More Warmth More Snow

From Wunderground:

The remarkable Post-Christmas blizzard of 2010 has ended for the United States, as the storm has trekked northeastward into Canada. The blizzard dropped epic amounts of snow during its rampage up the U.S. Northeast coast Sunday and Monday, with an incredible 32″ falling in Rahway, New Jersey, about 15 miles southwest of New York City. The highest populated areas of New Jersey received over two feet of snow, including the Newark Airport, which received 24.1″. Snowfall amounts were slightly lower across New York City. The blizzard of 2010 dumped 20.0″ inches on New York City’s Central Park, making it the 6th largest snowstorm for the city in recorded history, and the second top-ten snowstorm this year. Remarkably, New York City has had four of its top-ten snowfalls in the past decade (highlighted in the list below.) According to the National Weather Service, the top ten snowstorms on record for New York City’s Central Park since 1869 should now read:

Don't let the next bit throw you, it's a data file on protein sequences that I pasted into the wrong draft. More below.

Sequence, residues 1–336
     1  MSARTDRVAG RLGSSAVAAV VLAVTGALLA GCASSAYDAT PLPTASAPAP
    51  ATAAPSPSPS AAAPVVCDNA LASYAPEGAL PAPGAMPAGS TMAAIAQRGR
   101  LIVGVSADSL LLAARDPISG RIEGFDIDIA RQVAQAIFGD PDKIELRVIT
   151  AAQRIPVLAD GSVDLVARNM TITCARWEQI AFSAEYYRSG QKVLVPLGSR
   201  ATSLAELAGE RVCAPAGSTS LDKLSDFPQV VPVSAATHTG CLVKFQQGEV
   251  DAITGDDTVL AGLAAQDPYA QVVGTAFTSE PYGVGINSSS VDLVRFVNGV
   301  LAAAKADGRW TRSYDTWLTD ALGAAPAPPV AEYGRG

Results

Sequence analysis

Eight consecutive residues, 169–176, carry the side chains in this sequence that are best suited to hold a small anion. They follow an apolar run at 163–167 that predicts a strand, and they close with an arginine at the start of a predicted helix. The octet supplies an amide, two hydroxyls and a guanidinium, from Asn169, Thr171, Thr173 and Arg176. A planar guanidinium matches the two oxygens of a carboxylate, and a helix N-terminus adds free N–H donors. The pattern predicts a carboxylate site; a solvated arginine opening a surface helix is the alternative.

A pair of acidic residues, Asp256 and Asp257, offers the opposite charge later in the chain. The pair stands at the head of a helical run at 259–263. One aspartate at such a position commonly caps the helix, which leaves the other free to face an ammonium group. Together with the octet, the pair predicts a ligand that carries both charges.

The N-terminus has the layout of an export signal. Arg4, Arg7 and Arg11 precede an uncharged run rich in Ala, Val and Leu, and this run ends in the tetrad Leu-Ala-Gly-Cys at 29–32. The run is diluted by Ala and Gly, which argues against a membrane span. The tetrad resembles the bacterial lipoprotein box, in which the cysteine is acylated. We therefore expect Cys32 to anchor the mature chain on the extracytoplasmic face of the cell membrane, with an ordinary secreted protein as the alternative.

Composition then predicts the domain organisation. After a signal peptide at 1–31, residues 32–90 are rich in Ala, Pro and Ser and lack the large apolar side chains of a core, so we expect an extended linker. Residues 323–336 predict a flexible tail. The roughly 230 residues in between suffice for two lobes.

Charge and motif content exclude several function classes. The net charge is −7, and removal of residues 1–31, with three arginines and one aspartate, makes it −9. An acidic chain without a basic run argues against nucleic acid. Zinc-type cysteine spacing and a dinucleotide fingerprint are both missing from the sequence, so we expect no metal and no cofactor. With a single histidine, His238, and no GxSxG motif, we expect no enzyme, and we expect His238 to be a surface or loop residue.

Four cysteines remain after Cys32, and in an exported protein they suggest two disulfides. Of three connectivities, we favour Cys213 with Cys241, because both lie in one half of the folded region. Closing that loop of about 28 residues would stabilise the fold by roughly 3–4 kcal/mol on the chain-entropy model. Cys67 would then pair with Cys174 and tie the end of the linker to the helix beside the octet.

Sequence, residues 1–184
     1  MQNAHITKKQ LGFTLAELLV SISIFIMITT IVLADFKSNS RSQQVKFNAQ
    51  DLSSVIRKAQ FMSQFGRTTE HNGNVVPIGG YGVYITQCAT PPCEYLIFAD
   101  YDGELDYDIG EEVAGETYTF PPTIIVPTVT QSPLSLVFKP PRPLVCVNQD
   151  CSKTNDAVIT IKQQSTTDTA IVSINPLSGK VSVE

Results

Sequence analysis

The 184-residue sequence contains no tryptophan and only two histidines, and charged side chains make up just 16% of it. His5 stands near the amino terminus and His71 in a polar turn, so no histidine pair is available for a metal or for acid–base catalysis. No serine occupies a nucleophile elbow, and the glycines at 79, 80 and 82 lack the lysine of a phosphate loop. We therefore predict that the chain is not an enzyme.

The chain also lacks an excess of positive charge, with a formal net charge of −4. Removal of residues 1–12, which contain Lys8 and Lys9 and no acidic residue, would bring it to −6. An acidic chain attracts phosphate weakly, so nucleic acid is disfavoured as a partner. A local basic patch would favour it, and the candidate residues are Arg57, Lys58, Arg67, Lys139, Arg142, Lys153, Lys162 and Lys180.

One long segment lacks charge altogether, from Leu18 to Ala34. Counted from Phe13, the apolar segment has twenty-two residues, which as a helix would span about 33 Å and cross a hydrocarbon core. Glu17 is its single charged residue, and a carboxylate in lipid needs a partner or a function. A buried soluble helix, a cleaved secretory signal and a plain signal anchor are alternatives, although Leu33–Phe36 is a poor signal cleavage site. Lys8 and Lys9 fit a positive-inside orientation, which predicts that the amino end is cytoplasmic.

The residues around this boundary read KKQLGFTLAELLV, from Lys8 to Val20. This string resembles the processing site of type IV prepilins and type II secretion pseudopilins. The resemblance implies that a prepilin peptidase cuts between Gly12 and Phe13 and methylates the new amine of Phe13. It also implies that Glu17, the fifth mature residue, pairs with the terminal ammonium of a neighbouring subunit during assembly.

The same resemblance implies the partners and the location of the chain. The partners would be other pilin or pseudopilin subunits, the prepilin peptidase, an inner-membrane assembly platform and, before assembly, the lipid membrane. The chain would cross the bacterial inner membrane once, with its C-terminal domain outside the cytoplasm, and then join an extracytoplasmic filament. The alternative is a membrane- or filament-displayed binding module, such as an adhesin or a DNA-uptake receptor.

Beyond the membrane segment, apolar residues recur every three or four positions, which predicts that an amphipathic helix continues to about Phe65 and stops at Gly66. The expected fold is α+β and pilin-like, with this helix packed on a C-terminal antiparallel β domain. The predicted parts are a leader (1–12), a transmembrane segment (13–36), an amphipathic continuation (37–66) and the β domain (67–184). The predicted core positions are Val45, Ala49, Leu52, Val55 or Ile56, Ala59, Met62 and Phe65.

1) 26.9″ Feb 11-12, 2006
2) 26.4″ Dec 26-27, 1947
3) 21.0″ Mar 12-14, 1888
4) 20.8″ Feb 25-26, 2010
5) 20.2″ Jan 7-8, 1996
6) 20.0″ Dec 26-27, 2010
7) 19.8″ Feb 16-17, 2003
8 ) 18.1″ Mar 7-8, 1941
9) 17.7″ Feb 5-7, 1978
10) 17.6″ Feb 11-12, 1983

Snow in Manhattan’s East Village December 27, 2010

But what does this say about Climate Change?

Changnon et al. (2006) found that for the contiguous U.S. between 1900 – 2001, 61% – 80% of all heavy snowstorms of 6+ inches occurred during winters with above normal temperatures. The authors also found that 61% – 85% of all heavy snowstorms of 6+ inches occurred during winters that were wetter than average. The authors conclude, “a future with wetter and warmer winters, which is one outcome expected (National Assessment Synthesis Team 2001), will bring more heavy snowstorms of 6+ inches than in 1901 – 2000.”

Interesting map of such storms in the link.

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